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I'm profiling J2EE application responsible for storing binary files on disk. During profiling, we've discovered a great deal of IO bottlenecks, which we have a plane to address. However, we've also seen slowdown on this line of code:

// Example URI path
String filename = "/path/to/file.txt"  

// This line at load takes almost 500 ms
return new File(filename).toURI();

The method in question takes in a file path and returns a file path where the file can be written.

Since the slowdown only occurs at load, I am guessing the process is IO bound during this line. Is this the case? If so, is there a better way to assign a URI that will perform better?

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what platform are you running on and which version of java? This should be trivial! If this really takes 1/2 second, you should sue Oracle and/or get off the platform –  ControlAltDel Jun 6 '12 at 16:30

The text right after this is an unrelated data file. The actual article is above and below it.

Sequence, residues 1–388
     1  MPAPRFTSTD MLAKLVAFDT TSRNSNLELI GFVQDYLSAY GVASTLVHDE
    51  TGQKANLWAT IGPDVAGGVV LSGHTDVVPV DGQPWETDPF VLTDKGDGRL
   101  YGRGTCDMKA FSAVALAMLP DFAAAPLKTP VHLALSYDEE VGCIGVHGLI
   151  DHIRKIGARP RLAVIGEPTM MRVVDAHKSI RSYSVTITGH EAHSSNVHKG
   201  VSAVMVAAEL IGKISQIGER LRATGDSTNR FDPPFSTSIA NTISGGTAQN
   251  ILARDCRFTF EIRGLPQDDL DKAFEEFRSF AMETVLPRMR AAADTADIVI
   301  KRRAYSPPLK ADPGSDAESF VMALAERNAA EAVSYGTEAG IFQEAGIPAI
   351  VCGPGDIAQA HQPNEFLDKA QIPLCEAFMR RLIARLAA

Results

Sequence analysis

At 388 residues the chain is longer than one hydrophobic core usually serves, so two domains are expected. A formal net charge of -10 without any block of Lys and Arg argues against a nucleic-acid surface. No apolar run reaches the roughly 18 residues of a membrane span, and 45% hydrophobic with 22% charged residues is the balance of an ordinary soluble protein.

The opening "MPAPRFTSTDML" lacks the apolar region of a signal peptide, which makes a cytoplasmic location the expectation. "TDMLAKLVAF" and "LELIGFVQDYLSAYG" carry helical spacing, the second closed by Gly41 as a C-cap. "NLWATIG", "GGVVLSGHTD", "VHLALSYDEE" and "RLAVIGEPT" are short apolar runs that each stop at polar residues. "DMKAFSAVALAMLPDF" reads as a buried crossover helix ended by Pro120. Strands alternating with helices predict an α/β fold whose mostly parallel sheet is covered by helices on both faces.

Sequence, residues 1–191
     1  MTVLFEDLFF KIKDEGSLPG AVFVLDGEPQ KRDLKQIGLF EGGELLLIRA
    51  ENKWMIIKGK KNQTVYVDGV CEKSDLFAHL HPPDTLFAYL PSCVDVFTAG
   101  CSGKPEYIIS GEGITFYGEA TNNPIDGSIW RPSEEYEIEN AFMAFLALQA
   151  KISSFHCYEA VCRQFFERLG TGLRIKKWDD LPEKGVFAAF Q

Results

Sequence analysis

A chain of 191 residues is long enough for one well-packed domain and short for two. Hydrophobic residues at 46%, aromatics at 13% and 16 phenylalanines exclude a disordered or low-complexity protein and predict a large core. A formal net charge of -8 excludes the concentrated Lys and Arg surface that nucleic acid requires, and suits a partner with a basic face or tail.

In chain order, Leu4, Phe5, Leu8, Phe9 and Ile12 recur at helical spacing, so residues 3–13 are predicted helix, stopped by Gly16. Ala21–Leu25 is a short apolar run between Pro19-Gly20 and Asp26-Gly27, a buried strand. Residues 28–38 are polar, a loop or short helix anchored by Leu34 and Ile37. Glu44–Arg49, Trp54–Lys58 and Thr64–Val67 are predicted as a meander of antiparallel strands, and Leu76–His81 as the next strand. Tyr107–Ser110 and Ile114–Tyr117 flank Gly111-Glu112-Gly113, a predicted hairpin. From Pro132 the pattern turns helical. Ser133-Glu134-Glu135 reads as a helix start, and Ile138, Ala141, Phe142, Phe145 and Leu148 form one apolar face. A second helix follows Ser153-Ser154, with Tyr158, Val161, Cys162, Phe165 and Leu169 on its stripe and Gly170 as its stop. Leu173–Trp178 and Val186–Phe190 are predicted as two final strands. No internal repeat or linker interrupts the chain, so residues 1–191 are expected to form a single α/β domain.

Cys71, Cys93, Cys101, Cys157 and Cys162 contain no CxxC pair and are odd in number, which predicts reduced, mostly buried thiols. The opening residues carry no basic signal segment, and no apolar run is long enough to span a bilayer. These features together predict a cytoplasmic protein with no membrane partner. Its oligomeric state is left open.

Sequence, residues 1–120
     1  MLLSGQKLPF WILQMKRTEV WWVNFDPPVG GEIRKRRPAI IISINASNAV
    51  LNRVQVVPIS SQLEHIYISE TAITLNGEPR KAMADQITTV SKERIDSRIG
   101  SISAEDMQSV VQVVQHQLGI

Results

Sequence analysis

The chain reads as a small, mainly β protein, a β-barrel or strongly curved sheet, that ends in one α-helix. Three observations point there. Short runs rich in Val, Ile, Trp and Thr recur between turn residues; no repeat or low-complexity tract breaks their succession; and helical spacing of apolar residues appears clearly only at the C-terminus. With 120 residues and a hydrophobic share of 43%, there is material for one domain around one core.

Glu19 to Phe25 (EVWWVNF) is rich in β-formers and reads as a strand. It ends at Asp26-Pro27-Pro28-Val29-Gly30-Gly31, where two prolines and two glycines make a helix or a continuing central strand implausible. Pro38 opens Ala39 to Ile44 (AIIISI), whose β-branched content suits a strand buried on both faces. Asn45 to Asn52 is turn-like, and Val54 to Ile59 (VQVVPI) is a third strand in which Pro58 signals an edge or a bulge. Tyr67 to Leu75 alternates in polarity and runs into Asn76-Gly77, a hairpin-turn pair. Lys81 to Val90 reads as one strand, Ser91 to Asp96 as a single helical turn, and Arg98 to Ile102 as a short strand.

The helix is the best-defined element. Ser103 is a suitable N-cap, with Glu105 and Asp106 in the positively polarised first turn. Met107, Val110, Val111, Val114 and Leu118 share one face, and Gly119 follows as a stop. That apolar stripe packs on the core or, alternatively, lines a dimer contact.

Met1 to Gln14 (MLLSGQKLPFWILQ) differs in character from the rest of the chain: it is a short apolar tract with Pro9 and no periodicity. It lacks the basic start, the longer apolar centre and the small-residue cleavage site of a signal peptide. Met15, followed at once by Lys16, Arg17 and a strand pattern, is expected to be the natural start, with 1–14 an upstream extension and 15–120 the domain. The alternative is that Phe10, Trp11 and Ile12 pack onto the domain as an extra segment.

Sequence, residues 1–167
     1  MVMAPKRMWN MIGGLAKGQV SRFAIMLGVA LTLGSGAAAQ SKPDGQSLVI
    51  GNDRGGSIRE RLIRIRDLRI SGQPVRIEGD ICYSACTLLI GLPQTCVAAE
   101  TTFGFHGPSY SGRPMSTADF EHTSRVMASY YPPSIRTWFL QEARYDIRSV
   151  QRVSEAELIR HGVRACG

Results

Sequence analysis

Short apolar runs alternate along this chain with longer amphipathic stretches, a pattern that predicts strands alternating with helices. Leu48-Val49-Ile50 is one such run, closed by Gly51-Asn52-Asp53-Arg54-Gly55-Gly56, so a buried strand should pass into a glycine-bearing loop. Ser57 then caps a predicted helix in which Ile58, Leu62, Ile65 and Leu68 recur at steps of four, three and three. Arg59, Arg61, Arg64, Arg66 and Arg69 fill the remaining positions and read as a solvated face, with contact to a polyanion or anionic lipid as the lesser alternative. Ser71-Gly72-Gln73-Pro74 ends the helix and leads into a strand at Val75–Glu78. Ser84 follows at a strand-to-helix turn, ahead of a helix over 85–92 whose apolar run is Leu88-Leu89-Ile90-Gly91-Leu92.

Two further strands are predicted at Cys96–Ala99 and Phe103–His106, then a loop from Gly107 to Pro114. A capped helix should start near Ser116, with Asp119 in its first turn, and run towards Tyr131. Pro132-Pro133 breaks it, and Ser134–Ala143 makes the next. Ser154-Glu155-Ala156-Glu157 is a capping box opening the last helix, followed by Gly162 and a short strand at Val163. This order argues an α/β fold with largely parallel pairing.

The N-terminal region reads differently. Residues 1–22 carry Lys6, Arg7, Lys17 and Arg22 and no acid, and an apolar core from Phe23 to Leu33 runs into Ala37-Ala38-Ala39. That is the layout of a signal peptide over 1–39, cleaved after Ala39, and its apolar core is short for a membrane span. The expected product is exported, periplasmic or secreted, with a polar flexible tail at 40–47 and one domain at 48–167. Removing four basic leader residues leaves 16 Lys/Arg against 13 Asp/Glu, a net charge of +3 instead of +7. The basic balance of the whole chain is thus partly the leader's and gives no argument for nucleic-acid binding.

what fileName contains path to file on local machine or remote machine or external device. Do you have required permissions. –  sudmong Jun 6 '12 at 16:33
    
@ControlAltDel We're pursuing both software and hardware fixes. The 1/2 second is intermittent, and seems to correlate strongly with large spikes in file read time, leading to the conclusion I drew in the description. Our platform is CentOS with Java 6. –  Peter Bratton Jun 6 '12 at 20:02
    
@sudmong Permissions don't seem to be a factor. The file share is remote, however. –  Peter Bratton Jun 6 '12 at 20:02
    
that could be cause for delay.. you may note the time it takes for local file. –  sudmong Jun 7 '12 at 2:36

1 Answer 1

up vote 2 down vote accepted

Here's the source code for that method:

   public URI toURI() {
    try {
        File f = getAbsoluteFile();
        String sp = slashify(f.getPath(), f.isDirectory());
        if (sp.startsWith("//"))
        sp = "//" + sp;
        return new URI("file", null, sp, null);
    } catch (URISyntaxException x) {
        throw new Error(x);     // Can't happen
    }
    }

The "getAbsoluteFile()" is indeed IO bound, as it has to access the filesystem to resolve any relative paths into absolute paths (via FileSystem.resolve() method down the chain).

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Thanks! We may explore the effects of skipping the toURI() method, instead using a predetermined URI prefix. –  Peter Bratton Jun 6 '12 at 20:04

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